Statistical and genetic analyses were performed using Haploview,23 PLINK (http://pngu.mgh.harvard.edu/∼purcell/plink/index.shtml) and SSPS software. For sCJD, the analysis was 80% powered to detect a heterozygous genotype relative risk of 1.25 in a multiplicative model. Haplotype frequencies were estimated with an expectation–maximisation (EM) algorithm.
Six different genetic variations were detected in the 2766 chromosomes sequenced (table 1). Of these, three were of an insertion or deletion (indel) variety, two were non-coding single-nucleotide polymorphisms (SNPs) either inside or outside the SPRN ORF, and one was a coding SNP. This common missense variant was found in the SPRN signal peptide sequence (c.20C→T, p.T7M), and is linked to a G→A transversion 11 bp 5′ of the SPRN translation start methionine. We found 5′-11A linked to p.7M and 5′-11G linked to p.7T. These alleles form the basis of derived haplotypes designated *1 and *2 respectively (table 1). Within this haplotype scheme, the *1 related haplotypes were all associated with c.20T and c.183C of the SPRN ORF, whereas the *2 related haplotypes were associated with c.20C and either position c.183C (haplotypes *2A and *2C) or c.183T (haplotypes *2 and *2C). A 12 bp deletion variation was also detected in four healthy controls (three on the *1 haplotype and one on the *2 haplotype), corresponding to the in-frame deletion of an AAAG amino acid repeat motif located in the highly conserved hydrophobic central domain of Sho, reducing the polypeptide chain to 147aa from the most commonly observed length of 151aa. These variants were designated haplotypes *1A and *2C respectively. A second similar indel variation was detected in a single CEPH control, and involved a 12 bp insertion in the hydrophobic domain resulting in an additional AAAG amino acid repeat motif, increasing the full length protein to 155aa, and was designated haplotype *1B. The third indel variation detected in two patients with vCJD only was an insertion of a single guanine base pair at codon 46. This frameshift mutation creates a potential extended ORF of 882 bp, designated haplotype *2B. Positive results of statistical analysis between genotypes and alleles of cases versus controls are shown in table 2.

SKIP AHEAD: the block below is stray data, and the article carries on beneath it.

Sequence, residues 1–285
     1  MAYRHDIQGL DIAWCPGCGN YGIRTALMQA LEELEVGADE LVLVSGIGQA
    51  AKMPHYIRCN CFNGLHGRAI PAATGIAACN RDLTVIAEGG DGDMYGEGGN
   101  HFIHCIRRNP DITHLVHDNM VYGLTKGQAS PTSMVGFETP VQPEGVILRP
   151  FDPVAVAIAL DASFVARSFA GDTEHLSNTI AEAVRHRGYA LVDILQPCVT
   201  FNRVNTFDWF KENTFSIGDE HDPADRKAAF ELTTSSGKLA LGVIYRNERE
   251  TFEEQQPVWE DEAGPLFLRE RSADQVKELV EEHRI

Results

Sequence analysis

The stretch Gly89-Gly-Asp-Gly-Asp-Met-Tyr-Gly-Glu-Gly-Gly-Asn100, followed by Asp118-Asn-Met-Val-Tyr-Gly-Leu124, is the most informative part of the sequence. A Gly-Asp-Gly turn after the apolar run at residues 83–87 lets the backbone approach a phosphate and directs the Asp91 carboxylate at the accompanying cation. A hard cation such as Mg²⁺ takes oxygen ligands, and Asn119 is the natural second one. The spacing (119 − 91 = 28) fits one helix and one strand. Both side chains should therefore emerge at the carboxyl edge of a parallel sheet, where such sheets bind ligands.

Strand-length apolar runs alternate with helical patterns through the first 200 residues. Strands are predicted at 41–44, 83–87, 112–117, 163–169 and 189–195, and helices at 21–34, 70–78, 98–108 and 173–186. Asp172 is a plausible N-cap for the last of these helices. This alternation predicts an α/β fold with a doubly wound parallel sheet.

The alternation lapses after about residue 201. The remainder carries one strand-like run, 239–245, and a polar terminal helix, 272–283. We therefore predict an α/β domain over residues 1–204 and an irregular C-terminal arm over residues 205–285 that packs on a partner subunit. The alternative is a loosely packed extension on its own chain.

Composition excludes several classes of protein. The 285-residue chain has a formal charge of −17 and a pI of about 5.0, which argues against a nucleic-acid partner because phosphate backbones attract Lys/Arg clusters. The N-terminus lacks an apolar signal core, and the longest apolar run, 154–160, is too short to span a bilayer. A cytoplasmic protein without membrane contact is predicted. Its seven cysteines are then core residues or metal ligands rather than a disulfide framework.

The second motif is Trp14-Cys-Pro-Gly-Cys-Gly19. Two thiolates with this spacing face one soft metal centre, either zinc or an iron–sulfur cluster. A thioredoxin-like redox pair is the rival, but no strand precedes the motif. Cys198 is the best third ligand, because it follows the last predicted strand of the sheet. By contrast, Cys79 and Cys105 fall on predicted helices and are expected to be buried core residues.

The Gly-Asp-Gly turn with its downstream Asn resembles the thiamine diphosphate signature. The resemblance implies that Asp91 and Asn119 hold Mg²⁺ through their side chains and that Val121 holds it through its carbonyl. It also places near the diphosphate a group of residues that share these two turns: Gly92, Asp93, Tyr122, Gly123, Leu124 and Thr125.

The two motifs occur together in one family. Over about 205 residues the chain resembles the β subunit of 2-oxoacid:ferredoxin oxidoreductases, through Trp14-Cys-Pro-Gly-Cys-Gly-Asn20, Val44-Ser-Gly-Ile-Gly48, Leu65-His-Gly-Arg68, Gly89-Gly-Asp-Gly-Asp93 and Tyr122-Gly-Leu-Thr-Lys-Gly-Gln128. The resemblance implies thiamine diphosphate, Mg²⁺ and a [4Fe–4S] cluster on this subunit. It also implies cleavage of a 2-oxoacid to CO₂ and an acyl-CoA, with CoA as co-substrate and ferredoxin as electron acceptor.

The SNPs 5′-11A→G and c.20T→C were found to be in complete linkage disequilibrium and were therefore grouped. A genotypic model gave p = 0.028, and an allelic model gave p = 0.009, comparing sCJD with controls where an increase of 5′-11A and linked c.20T was observed in cases. A similar increase was observed in vCJD cases although the small numbers meant this did not reach significance. An allelic model was used with the Fisher Exact test when analysing the level of significance of the frameshift allele detected in two vCJD cases (p = 0.01, table 2).